The other day one of my young colleagues came up to me and asked whether it is OK to say a golden watch or it is better to say a gold watch.
I told her that usually I say a gold watch and have never bothered whether it is right or wrong.
But she offered to consult an Oxford Learner's Dictionary we have in the library in our staff room.
The dictionary says if an item is made of gold, like a crown, it is a golden sth. That is it.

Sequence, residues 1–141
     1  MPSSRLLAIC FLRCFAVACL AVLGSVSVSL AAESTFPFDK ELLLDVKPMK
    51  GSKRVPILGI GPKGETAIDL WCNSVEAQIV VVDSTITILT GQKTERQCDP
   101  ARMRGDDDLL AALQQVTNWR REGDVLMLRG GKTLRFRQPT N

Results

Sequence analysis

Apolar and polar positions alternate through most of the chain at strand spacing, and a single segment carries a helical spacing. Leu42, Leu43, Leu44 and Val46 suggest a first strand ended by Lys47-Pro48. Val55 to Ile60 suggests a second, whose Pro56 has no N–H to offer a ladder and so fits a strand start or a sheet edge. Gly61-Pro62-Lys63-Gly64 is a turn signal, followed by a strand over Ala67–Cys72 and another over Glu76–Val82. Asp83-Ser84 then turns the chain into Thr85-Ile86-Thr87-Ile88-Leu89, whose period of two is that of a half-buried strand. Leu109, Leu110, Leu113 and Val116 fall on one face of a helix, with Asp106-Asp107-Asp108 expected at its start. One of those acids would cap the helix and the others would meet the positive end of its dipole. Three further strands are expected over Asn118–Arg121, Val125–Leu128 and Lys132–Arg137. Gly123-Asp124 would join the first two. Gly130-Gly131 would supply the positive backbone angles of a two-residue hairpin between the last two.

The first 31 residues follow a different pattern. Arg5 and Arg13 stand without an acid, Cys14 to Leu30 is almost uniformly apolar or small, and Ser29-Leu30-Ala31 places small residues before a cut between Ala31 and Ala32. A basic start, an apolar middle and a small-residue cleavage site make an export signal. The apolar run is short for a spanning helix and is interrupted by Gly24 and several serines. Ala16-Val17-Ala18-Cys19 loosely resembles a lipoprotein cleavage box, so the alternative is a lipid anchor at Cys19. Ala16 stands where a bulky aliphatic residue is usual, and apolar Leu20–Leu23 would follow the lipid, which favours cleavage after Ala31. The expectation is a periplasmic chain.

Upon arriving home, I consulted Longman Dictionary of Common Errors by J. B. Heaton and N. D. Turton. It says that in modern use, things which are made of gold are described as gold rather than golden.
So, a golden watch or gold watch - that is the question.
Thank you for your time and help.
" ... a field of golden daffodils", "the golden arches of Macdonalds"
It would be rare to refer to a golden watch.
You probably won't go wrong if you use "golden" for the colour, and "gold" for the material - but expect to see exceptions.